Sunday, August 17, 2014

UK: Updated Pandemic Response Plan & Exercise Cygnus


Credit ECDC – 125 years of  Pandemic  History


# 8963


Although it is not often front and center in the news, or in the daily threats messaging from most governments, an influenza pandemic is considered among the most likely high-impact global threats that we could face in the foreseeable future. 


Earlier this year, in Influenza Pandemic As A National Security Threat,  we looked at a threats assessment by the Director Of National Intelligence that included:


Worldwide Threats Assessment – published January 29th, 2014,


Health security threats arise unpredictably from at least five sources: 

  • the emergence and spread of new or reemerging microbes;
  • the globalization of travel and the food supply;
  • the rise of drug-resistant pathogens;
  • the acceleration of biological science capabilities and the risk that these capabilities might cause inadvertent or intentional release of pathogens; and
  • adversaries’ acquisition, development, and use of weaponized agents. 


In December of 2012 the U.S. National Intelligence Council released a report called  "Global Trends 2030: Alternative Worlds" that tries to anticipate the global shifts that will likely occur over the next two decades (see Black Swan Events).  Number one on their hit parade?


Global Trends 2030's potential Black Swans

1. Severe Pandemic

"No one can predict which pathogen will be the next to start spreading to humans, or when or where such a development will occur," the report says. "Such an outbreak could result in millions of people suffering and dying in every corner of the world in less than six months."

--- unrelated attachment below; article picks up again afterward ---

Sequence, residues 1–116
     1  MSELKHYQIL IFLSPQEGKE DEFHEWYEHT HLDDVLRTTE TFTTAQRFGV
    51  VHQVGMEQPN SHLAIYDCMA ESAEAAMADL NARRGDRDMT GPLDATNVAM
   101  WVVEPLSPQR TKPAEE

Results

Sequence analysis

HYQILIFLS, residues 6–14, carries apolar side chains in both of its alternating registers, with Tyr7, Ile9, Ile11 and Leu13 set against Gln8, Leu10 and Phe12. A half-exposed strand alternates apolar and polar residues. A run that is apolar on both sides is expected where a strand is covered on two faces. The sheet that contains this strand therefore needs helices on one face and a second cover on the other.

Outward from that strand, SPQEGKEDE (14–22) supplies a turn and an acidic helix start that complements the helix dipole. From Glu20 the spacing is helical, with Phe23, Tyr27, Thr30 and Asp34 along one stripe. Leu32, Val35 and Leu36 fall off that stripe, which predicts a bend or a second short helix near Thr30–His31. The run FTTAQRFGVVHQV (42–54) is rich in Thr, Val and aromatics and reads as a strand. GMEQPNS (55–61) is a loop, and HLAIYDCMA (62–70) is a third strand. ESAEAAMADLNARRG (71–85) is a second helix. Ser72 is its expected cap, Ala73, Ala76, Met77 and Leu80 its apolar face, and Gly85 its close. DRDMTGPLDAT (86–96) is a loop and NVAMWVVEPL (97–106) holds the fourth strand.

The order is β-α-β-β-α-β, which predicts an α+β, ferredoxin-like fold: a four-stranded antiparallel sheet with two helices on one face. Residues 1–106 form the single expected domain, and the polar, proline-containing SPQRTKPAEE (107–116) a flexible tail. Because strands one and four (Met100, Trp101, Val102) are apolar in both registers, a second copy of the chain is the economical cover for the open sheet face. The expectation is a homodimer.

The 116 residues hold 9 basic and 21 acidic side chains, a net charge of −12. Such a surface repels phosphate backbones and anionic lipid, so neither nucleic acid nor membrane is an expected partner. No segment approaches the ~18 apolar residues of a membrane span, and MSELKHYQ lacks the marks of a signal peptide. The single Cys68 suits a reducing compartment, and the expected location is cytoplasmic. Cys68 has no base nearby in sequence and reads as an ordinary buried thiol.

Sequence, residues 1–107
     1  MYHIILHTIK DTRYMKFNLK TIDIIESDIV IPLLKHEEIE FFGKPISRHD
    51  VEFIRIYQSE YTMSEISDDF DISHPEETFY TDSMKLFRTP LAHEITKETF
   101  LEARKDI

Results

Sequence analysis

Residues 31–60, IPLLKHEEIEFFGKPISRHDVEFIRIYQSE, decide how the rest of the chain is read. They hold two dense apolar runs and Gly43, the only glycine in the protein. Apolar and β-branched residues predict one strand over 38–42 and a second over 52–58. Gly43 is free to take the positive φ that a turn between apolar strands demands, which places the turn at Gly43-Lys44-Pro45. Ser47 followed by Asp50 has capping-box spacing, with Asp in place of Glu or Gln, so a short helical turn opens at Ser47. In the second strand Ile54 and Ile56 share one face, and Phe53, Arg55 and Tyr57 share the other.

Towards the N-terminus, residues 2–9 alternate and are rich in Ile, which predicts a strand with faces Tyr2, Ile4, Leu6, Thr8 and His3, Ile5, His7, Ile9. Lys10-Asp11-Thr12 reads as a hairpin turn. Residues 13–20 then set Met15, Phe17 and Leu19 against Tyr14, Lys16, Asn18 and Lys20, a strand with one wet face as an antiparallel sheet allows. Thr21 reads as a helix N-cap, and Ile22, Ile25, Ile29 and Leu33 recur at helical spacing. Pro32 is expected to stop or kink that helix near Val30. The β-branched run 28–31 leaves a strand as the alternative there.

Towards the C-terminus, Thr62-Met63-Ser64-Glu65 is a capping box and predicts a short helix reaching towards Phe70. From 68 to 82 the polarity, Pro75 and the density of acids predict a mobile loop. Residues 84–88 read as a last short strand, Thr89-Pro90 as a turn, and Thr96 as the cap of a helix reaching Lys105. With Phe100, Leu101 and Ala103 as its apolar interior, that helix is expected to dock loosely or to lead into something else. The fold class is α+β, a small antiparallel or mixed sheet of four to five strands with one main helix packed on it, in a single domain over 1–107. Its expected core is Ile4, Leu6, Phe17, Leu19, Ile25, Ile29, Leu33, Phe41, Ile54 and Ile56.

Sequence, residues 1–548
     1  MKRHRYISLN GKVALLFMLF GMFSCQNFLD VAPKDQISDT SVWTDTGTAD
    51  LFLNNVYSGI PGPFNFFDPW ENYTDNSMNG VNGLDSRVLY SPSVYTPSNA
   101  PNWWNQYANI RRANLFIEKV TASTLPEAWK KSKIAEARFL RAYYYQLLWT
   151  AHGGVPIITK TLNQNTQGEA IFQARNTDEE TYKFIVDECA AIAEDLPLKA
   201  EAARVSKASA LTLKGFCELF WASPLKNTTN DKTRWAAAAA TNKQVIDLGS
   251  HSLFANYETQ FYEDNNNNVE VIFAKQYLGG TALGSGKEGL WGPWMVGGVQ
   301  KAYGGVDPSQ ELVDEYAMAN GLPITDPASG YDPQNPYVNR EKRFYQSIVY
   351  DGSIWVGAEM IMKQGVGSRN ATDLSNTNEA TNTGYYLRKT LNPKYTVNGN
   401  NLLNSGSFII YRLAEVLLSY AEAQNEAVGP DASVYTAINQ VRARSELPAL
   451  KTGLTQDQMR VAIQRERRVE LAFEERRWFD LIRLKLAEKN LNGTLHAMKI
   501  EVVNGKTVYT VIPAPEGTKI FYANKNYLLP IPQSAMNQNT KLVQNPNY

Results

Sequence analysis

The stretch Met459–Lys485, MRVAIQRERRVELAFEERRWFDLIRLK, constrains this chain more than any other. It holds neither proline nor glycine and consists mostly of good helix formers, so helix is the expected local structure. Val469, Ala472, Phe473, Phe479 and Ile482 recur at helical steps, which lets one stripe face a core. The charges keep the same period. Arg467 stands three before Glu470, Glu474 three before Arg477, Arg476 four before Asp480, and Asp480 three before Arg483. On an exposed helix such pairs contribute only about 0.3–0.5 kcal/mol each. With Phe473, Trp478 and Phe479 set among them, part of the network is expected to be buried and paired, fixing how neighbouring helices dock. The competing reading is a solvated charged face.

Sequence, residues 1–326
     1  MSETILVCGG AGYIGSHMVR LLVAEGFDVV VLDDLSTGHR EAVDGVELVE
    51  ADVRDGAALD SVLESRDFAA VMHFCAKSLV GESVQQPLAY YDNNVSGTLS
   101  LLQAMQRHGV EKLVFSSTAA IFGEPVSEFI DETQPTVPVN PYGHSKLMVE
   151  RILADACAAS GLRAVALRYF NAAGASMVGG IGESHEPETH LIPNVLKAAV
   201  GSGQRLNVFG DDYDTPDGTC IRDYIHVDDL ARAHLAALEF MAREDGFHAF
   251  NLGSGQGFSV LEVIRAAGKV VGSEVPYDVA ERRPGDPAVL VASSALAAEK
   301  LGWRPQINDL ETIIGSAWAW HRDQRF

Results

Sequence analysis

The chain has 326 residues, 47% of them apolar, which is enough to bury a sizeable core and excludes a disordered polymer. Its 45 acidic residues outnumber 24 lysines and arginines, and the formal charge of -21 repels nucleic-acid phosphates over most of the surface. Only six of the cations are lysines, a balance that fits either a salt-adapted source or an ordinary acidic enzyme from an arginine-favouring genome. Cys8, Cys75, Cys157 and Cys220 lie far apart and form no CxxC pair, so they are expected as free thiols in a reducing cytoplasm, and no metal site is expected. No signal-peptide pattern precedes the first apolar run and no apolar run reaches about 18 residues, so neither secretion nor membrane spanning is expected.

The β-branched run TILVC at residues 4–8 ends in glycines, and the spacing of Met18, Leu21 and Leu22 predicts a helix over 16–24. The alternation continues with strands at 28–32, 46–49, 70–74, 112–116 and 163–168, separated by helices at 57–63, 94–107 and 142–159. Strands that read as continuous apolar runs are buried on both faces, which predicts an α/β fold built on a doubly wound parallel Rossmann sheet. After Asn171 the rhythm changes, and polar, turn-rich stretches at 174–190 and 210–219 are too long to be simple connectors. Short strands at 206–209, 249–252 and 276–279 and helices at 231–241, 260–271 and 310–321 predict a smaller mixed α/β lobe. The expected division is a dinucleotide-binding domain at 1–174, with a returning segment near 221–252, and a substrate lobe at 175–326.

Similarly, last year the UK’s National Risk Registry of Civil Emergencies listed Influenza at their nation’s #1 threat.

The highest priority risks

2.2 The following are considered by the Government to be the highest priority risks of emergency, taking both likelihood and impact into account:

Pandemic influenza – This remains the most significant civil emergency risk. The outbreak of H1N1 influenza in 2009 (‘swine flu’) did not match the severity of the scenario that we plan for and is not necessarily indicative of future pandemic influenzas; the three influenza pandemics of the 20th century (1918–19, 1957–58 and 1968–69) all had differing levels of severity. The 2009 H1N1 pandemic does not change the risk of another pandemic emerging (such as an H5N1 (‘avian flu’) pandemic) or mean that the severity of any future pandemics will be the same as the 2009 H1N1 outbreak.